The same creative director then got me involved with Puma, another with Reebok. An art buyer for Wieden & Kennedy who worked on Nike asked my agent to send my portfolio for one of the senior partners who liked my work. She asked me a bunch of questions about how I shot the images. Once I answered (correctly I guess), she asked me to get on a plane to Florida that following Monday to shoot Andre Agassi. Three days later they sent me to Barcelona to shoot a pole vaulter. I’ve done at least one job for Nike every year for the past twenty-seven years since.
You’ve been photographing the Olympics for 13 years now. When did your involvement with the event begin?
After seeing Soul of the Game, the book I did on street basketball, the Director of Creative Services for the Salt Lake Organizing Committee reached out to see if I would be interested in shooting the 2002 Winter Olympics in Salt Lake City. I was also given the opportunity to shoot the images for building wraps on the seventeen largest buildings in Salt Lake, AND I was asked to shoot the commemorative book for the Games as well. I realized that it would be extremely difficult to give them the images they needed if I was shooting solo, so we put together a team of eleven photographers to shoot with me. Only one of them had ever shot the Olympics before. We shot all of the images for the book, The Fire Within, and it was really successful. Everyone was happy. About four or five months before the 2004 Summer Olympics in Athens, I sent an email to my contact at the International Olympic Committee saying that I wanted to shoot the Games. A month before the Games started, I heard back, and I’ve been shooting for them ever since.
What’s your strategy for photographing an enormous event such as the Olympics? What are your shoot days like and what kind of challenges present themselves in these types of environments?
Physically and mentally it’s the hardest thing I do. The shoot days are very long, and the competition there is phenomenal. We’re photographers, not athletes, but even though we’re not competing, the atmosphere between photographers gets intense. For me it’s more about what technology can help me the most. Generally, camera companies come out with new equipment every spring and summer, and if you shoot at the Olympics you have a better chance of being in line to get the equipment. In competitive sports you’re always trying to look for what’s different, what hasn’t been done – there are so many photographs of the same person crossing the finish line – how do you find that iconic shot? You have no idea when it’s going to happen. My strategy is to figure out what’s going to make someone feel like they were actually at the event. I also shoot a lot. For London, I shot over 50,000 frames, edited that down to 40,000, then edited it down again and delivered 4,000 retouched images. All of this was done within a month after the Olympics.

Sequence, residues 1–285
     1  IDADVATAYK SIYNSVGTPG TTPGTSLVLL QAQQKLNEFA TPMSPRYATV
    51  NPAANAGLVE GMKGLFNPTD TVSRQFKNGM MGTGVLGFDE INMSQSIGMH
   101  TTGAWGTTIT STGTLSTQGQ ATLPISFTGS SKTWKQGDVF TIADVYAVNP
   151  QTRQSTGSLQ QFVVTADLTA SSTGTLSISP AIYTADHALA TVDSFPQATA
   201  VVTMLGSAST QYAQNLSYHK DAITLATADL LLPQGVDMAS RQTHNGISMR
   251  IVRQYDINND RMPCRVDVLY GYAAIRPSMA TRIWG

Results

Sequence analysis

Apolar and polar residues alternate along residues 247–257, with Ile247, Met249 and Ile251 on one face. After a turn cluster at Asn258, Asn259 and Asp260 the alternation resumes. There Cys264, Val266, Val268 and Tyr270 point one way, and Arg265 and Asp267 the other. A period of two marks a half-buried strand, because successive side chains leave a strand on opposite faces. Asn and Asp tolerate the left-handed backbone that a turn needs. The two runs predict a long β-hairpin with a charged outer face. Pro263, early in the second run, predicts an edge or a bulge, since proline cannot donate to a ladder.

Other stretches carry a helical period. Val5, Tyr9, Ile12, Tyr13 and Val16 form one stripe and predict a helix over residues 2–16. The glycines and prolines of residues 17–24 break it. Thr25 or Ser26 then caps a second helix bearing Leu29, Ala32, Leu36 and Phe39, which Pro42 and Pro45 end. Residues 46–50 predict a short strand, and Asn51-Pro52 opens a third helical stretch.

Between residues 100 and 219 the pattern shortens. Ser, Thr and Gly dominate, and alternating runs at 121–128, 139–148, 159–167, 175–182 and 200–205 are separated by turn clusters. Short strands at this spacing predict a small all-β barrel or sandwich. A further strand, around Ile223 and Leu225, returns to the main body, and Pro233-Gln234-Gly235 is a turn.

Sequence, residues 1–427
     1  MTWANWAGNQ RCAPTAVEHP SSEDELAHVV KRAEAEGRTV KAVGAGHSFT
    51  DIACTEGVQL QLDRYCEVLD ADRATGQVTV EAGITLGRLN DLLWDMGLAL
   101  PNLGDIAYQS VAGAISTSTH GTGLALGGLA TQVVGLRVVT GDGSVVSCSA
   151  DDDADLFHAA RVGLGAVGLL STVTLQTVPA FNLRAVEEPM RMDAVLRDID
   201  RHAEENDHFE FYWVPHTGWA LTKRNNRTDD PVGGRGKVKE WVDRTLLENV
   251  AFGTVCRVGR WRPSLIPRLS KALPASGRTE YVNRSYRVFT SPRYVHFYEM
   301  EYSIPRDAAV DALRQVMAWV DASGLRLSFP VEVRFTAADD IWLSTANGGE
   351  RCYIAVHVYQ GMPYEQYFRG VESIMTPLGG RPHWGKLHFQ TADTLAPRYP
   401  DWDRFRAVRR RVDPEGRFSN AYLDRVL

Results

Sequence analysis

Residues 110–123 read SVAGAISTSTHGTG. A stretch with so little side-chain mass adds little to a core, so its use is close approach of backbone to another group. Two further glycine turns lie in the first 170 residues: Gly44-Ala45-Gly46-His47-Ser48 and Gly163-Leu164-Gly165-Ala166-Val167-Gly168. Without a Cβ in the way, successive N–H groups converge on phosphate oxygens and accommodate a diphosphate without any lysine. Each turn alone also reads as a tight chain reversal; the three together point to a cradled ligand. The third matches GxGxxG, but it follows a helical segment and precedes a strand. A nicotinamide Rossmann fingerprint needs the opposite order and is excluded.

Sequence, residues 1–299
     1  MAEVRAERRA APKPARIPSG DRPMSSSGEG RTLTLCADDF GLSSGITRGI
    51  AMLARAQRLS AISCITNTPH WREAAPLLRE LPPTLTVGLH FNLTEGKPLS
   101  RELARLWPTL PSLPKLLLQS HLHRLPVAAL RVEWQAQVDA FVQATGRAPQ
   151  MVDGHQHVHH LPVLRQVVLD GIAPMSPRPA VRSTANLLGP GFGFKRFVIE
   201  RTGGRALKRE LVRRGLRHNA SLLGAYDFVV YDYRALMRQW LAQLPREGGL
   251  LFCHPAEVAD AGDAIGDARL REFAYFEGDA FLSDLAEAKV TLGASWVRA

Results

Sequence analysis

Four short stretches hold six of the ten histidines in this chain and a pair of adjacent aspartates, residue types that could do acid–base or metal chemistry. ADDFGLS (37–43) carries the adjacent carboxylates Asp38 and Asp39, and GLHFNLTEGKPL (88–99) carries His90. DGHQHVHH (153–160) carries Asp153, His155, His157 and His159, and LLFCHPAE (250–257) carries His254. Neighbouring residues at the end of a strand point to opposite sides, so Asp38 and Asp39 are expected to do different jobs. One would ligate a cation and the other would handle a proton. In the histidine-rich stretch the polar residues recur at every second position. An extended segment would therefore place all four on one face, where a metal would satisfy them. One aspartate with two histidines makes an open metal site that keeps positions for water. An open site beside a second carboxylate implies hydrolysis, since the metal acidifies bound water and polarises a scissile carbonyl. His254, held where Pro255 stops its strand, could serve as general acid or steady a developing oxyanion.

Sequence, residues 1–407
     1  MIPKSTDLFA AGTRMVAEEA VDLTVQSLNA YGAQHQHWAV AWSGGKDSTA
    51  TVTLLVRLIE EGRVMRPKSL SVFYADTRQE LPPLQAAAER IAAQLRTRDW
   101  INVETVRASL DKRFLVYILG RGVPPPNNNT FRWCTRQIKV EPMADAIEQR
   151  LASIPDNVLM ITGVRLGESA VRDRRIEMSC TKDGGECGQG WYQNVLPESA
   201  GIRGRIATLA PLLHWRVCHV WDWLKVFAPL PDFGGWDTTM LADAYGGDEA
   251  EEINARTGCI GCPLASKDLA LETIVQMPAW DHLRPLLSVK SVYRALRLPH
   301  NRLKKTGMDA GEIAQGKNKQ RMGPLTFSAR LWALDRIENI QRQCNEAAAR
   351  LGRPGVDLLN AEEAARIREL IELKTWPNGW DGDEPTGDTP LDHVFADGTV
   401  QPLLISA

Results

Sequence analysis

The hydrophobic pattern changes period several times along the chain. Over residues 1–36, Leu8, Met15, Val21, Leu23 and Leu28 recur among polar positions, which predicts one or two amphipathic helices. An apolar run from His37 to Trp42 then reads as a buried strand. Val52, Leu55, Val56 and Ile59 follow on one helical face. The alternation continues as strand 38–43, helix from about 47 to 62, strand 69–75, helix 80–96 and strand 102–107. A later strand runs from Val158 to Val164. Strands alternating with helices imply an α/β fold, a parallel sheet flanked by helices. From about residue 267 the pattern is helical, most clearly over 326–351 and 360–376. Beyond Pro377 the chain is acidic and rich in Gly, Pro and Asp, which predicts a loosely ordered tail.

In 2014 you photographed the Special Olympics for the first time. How did you get involved with that and what was your overall experience like?
A creative director I’ve worked with has been working with Special Olympics for many years. She kept trying to get me involved, but it never quite worked out, until last summer when everything fell into place. I was able to spend an entire week photographing the Special Olympics, and it was a really amazing experience. Having shot the other Olympics, I was prepared to shoot action, find the best shots, etc., but the Special Olympics was really a whole different vibe. Competition is every bit as intense but on a totally different level. Everyone is really friendly and inviting. While I was shooting some high jumpers, one of the athletes came up to me and said, “Hi! How you doing?” She sat down and proceeded to talk to me until her coach called her up, at which point she asked me if I could get some good pictures of her. Photographing the Special Olympics is unique–a lot of the athletes want to smile and wave at the camera. I got so much more eye contact and interaction than at the regular Olympics – which is great – but it makes it a little more challenging to get those candid shots. One guy even stopped and posed for me while he was playing. It’s such a great event. The people you meet and the volunteers that are there helping are really an amazing group.